(b) Individual Lender has to obtain a certificate of due diligence from an overseas bank indicating that the lender maintains an account with the bank for at least a period of two years. Other evidence /documents, such as audited statement of account and income tax return which the overseas lender may furnish need to be certified and forwarded by the overseas bank. Individual lenders from countries wherein banks are not required to adhere to Know Your Customer (KYC) guidelines are not permitted to extend ECB.
(iv) Permitted End-use: The designated AD must ensure that the ECB proceeds are utilised for lending to self-help groups or for micro-credit or for bonafide micro finance activity including capacity building.
(v) Amount of ECB : With a view to ensure minimization of systemic risk, the maximum amount of foreign currency borrowings of a borrower is capped at USD 10 million during a financial year.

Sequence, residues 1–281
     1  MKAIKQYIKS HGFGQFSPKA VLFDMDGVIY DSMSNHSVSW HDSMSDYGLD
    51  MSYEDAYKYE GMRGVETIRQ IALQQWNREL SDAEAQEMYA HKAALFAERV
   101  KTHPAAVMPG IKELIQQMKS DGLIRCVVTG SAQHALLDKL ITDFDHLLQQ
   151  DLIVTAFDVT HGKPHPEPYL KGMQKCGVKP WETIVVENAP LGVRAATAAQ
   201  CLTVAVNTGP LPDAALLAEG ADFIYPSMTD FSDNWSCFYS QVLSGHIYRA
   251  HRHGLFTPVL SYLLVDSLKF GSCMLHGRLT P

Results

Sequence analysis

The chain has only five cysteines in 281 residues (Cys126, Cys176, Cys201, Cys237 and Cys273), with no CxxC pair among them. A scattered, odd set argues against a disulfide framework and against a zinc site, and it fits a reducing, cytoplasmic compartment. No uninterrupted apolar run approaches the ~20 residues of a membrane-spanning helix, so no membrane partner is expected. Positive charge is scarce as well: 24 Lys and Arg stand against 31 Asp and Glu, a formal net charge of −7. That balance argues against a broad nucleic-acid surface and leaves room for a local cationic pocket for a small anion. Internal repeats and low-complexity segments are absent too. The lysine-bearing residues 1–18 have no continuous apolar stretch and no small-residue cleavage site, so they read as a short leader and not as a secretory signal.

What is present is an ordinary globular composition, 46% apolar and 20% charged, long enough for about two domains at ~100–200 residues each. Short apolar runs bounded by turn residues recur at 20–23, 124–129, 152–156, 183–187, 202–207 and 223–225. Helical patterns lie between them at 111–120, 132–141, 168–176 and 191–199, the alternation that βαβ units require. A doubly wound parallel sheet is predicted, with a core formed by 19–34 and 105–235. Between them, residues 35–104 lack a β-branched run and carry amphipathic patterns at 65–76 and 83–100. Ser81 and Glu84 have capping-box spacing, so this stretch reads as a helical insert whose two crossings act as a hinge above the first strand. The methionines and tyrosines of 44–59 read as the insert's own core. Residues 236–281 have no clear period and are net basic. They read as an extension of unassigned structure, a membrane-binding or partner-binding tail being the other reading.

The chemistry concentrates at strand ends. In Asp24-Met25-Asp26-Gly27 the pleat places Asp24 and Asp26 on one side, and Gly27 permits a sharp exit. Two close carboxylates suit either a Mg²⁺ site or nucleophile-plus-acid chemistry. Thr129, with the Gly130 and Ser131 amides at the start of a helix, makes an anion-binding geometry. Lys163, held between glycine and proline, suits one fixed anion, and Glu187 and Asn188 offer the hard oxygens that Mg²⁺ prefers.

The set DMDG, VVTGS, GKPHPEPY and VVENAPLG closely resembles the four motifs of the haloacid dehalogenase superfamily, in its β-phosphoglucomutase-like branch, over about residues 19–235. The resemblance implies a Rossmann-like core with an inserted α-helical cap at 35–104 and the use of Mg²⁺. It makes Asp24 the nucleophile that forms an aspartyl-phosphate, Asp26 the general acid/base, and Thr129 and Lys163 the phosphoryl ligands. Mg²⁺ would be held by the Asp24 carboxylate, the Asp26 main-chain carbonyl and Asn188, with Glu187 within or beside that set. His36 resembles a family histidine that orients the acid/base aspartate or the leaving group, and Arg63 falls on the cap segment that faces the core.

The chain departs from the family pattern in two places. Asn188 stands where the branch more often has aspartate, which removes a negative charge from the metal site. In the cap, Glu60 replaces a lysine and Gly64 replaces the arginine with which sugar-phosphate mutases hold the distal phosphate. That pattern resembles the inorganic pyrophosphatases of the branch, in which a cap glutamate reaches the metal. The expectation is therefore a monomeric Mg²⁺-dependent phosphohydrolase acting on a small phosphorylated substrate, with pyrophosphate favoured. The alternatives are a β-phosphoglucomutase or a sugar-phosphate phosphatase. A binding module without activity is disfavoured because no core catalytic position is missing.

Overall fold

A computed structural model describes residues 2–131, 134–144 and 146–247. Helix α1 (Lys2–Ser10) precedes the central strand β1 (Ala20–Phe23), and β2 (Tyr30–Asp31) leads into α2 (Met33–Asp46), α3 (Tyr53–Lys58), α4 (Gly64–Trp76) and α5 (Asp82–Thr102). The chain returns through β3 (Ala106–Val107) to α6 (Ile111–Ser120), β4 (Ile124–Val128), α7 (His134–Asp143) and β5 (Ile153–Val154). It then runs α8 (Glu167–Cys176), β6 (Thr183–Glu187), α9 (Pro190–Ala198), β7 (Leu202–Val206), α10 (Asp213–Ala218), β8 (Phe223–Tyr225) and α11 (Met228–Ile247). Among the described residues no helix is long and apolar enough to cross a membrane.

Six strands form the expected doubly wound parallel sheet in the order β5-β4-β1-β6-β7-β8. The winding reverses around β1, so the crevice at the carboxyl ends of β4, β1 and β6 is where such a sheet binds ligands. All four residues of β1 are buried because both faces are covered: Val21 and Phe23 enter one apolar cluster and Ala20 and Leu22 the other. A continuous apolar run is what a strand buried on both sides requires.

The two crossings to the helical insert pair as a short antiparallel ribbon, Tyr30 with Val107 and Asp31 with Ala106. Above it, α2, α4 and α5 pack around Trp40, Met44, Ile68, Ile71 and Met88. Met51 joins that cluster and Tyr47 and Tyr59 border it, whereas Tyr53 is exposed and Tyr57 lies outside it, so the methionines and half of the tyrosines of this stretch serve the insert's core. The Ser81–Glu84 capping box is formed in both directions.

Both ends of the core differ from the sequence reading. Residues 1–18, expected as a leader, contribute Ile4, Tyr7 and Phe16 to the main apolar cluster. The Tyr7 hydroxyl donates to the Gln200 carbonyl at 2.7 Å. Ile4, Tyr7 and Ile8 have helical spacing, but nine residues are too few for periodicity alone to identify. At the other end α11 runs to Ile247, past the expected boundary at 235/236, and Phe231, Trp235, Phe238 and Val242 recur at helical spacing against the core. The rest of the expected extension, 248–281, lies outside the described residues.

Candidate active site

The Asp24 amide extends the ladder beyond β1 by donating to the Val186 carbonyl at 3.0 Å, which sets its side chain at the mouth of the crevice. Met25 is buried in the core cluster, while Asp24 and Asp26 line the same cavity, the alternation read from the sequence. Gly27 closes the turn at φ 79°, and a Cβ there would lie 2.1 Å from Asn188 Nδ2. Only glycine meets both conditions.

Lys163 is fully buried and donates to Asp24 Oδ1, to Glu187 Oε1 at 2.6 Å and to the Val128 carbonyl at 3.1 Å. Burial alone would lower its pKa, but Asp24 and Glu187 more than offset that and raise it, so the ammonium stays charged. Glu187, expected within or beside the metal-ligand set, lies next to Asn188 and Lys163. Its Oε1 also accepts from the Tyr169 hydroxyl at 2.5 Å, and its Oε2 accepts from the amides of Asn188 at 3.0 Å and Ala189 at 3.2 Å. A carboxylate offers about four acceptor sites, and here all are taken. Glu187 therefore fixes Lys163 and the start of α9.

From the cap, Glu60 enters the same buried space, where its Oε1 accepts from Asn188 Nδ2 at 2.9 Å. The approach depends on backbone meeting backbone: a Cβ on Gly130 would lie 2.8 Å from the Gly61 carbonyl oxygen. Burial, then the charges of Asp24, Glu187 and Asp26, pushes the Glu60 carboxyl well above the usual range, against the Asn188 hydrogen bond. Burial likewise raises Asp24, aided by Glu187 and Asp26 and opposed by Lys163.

It has also been decided that Non-Government Organisations (NGOs) engaged in micro finance activities can avail of ECB up to USD 10 million or equivalent per financial year under the automatic route as against the present limit of USD 5 million or equivalent per financial year. All other conditions as detailed in our A.P. (DIR Series) Circular No. 40 dated
April 25, 2005 remain unchanged.
Other ECB Parameters : All other ECB parameters such as minimum average maturity, all-in-cost ceilings, restrictions on issuance of guarantee, choice of security, parking of ECB proceeds, prepayment, refinancing of ECB, reporting arrangements under the
should be complied with by MFIs/NGOs availing ECBs. The designated AD has to certify the status of the borrower as eligible and involved in micro finance and ensure at the time of draw down that the forex exposure of the borrower is fully hedged.
These amendments to ECB policy will come into force with immediate effect and the framework with respect to MFIs will be subject to review after one year.
Necessary amendments to the Foreign Exchange Management (Borrowing or Lending in Foreign Exchange) Regulations, 2000 dated
May 3, 2000 are being issued separately, wherever necessary.
Authorized Dealer banks may bring the contents of this circular to the notice of their constituents and customers.
The direction contained in this circular have been issued under sections 10(4) and 11(1) of the Foreign Exchange Management Act, 1999 (42 of 1999) and are without prejudice to permissions / approvals, if any, required under any other law.